It has been shown in previous studies that a single, subanaesthetic dose of ketamine infusion can rapidly relieve depressive symptoms in people who have not responded to conventional treatments. However, there have been concerns about side effects.
In this research, data was gathered from 163 patients with major depressive disorder or bipolar disorder and 25 healthy controls. These participants were part of one of five placebo-controlled clinical trials conducted over 13 years. From 120 possible side effects, 34 were discovered to be significantly associated with the treatment, with eight occurring in at least half of participants. These eight side effects were: feeling strange, feeling spacey, feeling woozy, dissociation, floating, visual distortions, difficulty speaking and numbness. None of these symptoms lasted more than four hours. There were no serious side effects including cravings, propensity for recreational use or significant cognitive or memory deficits identified during a three-month follow-up.
These researchers are now planning a clinical trial of a ketamine metabolite that could be a more specific-acting treatment with fewer side effects.
7. Newborn baby hiccups could be key to brain development
Every time a newborn baby hiccups, a large wave of brain signals is triggered, which could help the baby learn how to regulate their breathing, a study led by UCL has found.
The study included 13 newborn infants in a neonatal ward who had a bout of hiccups. The babies were pre-term and full-term, ranging from an equivalent of 30 – 42 weeks gestational age. EEG electrodes placed on the scalp recorded brain activity, while whole movement sensors on the torso showed when they were hiccuping.
The team found that contractions of the diaphragm muscle caused by a hiccup lead to three large brainwaves in the brain’s cortex. The third brainwave is similar to that evoked by a noise, suggesting the baby’s brain may link the sound of the hiccup to the feeling of diaphragm muscle contraction.
The researchers suggest that the activity following a hiccup may help the baby’s brain to learn how to monitor breathing muscles so eventually breathing can be voluntarily controlled by moving the diaphragm up and down.
8. Ayahuasca compound changes brainwaves to vivid ‘waking-dream’ state
Scientists at Imperial College London have looked at the effects of DMT on the brain. DMT is a psychedelic compound found in ayahuasca, a psychedelic drink traditionally made from vines and leaves of the Amazon rainforest.
The researchers found that DMT alters our waking brain waves to produce a ‘waking dream’ state, explaining why people taking DMT and ayahuasca experience intense visual imagery and hallucinations.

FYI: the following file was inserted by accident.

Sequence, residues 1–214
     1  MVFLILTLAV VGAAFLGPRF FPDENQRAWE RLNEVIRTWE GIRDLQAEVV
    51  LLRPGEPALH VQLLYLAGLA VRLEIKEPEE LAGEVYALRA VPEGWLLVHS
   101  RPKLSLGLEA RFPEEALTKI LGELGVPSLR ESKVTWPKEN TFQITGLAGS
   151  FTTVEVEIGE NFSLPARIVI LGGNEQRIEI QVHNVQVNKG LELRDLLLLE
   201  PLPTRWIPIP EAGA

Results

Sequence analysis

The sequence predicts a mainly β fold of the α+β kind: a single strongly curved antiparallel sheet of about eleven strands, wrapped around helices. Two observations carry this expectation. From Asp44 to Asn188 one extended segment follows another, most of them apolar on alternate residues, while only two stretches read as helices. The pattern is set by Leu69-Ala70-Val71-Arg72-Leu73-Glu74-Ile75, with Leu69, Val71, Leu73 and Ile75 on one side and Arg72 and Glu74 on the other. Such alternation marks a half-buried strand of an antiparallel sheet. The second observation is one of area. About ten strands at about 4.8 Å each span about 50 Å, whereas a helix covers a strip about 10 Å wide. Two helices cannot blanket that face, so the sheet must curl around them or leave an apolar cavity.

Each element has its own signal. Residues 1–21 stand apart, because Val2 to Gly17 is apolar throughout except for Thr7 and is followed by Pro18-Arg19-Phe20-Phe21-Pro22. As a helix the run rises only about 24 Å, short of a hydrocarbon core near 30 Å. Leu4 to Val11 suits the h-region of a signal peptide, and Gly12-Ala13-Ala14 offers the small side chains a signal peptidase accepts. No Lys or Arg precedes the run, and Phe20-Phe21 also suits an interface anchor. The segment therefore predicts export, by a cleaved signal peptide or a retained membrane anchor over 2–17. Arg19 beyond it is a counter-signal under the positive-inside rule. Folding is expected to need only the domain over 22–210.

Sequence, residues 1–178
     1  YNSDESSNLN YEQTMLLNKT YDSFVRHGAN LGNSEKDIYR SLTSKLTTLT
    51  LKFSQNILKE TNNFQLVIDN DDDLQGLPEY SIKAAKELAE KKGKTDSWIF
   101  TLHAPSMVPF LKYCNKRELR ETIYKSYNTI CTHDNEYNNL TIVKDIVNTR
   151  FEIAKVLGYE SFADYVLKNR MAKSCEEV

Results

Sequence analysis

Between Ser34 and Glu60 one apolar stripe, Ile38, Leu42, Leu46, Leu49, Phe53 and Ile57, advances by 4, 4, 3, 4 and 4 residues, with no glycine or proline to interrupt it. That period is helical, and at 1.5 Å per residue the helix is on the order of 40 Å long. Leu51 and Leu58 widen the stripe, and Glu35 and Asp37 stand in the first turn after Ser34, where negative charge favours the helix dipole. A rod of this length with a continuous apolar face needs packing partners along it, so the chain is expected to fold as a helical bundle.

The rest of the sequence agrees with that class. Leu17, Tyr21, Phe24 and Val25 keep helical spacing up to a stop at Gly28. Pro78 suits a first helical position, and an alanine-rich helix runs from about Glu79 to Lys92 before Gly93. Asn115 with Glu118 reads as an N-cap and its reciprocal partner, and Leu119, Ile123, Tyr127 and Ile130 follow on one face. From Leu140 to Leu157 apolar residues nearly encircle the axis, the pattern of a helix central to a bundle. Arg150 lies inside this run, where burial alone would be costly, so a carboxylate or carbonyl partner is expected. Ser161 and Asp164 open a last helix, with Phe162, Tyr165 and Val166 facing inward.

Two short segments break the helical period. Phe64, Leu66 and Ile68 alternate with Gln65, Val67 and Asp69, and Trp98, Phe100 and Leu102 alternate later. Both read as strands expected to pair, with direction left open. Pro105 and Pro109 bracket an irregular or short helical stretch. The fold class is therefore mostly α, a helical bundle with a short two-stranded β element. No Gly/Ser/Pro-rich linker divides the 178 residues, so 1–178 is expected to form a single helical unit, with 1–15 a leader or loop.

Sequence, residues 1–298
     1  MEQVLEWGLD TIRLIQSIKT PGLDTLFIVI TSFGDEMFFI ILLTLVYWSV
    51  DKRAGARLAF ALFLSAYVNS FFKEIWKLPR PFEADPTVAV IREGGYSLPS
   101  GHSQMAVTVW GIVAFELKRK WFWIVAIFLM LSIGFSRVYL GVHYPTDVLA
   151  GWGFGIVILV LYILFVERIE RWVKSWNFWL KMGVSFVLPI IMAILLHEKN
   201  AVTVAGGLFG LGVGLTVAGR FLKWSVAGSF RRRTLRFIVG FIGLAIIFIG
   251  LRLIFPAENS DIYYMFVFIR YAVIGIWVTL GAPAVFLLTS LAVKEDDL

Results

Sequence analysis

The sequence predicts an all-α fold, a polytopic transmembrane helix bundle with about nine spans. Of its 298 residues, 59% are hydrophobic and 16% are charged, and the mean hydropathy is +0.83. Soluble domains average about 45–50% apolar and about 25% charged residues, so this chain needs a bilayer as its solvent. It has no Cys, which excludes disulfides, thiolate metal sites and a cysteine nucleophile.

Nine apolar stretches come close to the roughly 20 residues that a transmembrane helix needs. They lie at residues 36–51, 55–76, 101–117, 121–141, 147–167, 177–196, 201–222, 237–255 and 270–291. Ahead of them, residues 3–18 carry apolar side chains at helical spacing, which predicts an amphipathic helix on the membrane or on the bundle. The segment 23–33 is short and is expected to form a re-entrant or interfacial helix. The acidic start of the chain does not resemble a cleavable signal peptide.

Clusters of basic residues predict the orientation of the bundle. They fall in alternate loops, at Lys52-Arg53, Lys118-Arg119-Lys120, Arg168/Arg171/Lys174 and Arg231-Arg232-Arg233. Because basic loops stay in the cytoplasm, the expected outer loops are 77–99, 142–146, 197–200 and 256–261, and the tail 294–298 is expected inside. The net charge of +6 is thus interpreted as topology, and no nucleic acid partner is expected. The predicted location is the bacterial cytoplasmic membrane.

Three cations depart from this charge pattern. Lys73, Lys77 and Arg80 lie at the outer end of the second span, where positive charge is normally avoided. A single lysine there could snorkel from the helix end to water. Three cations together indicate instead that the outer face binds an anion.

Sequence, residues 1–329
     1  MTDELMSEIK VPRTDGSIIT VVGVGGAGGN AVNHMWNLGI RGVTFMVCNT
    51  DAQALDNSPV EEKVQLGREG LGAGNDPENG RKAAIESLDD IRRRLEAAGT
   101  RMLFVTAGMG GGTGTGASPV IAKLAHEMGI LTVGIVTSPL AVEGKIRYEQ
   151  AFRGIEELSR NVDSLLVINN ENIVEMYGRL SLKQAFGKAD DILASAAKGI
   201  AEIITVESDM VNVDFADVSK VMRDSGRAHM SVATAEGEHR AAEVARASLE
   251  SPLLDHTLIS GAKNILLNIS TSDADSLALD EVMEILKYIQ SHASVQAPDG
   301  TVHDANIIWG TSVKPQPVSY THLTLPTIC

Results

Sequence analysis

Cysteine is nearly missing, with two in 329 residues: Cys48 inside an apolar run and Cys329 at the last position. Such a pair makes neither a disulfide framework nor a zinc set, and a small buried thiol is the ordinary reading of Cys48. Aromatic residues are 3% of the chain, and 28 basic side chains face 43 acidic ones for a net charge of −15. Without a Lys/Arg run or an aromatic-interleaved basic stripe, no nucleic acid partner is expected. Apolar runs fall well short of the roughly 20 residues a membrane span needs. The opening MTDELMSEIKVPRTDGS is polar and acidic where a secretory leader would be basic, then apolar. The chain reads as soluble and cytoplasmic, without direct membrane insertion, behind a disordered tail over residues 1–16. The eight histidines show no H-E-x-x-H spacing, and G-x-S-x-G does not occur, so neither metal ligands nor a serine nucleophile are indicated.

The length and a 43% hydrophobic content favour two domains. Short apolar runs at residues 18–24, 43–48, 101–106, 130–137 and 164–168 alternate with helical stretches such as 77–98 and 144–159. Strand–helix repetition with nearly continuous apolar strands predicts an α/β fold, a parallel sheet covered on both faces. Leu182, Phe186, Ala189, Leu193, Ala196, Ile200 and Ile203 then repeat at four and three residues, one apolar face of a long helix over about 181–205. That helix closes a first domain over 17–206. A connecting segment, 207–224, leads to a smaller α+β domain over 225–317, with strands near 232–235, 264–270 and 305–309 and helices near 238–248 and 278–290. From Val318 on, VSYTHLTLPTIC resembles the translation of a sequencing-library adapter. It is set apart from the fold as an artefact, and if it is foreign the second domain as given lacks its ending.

Using EEG recordings, it was seen that DMT caused a reduction in alpha waves – the brain’s dominant electrical rhythm when a person is awake, as well as short-lived increases in theta waves, which are typically associated with dreaming.
9. Non-coding DNA located outside chromosomes may help drive glioblastoma
When cancer-causing genes make copies of themselves in order to turn a normal cell into a cancer cell, extra DNA is picked up and incorporated into the copies. Researchers at the University of California San Diego School and Case Western Reserve University have now discovered that this extra DNA is essential for maintaining activation of a cancer-causing gene, supporting survival of the cancer cell.
The scientists used human brain tumour samples and compared these to a public database of patient tumour genetics to discover that, even if two different types of tumours are driven by the same gene, the extra DNA incorporated into copies may be different. In the EGFR gene, active in glioblastomas and other cancers, 20 – 50 enhancers and regulatory elements were discovered in glioblastoma tumour samples from 9 patients.
The researchers now want to gain further understanding of the roles and diversity of regulatory elements in different cancer types, and if these can be targets for cancer treatments.
10. Bacteria in the gut may alter the ageing process
It has been found by an international team of researchers, led by Nanyang Technological University, that microorganisms living in the gut may alter the ageing process.
The team transplanted gut microbes from 24-month-old mice into six-week-old germ-free mice. After eight weeks, the young mice had increased intestinal growth and neurogenesis in the brain. It was found that the increased neurogenesis was caused by an increase in gut microbes that produce butyrate, a short-chain fatty acid.
Butyrate is produced by microbial fermentation of dietary fibres and stimulates production of FGFD21, a pro-longevity hormone which has an important role in regulating metabolism.
As we age, butyrate production is reduced; the researchers found that giving butyrate on its own to the young germ-free mice also increased neurogenesis.
This research opens up new avenues of research into ageing, including the possibility of using butyrate to slow down ageing.
Banner image credit: University of Sydney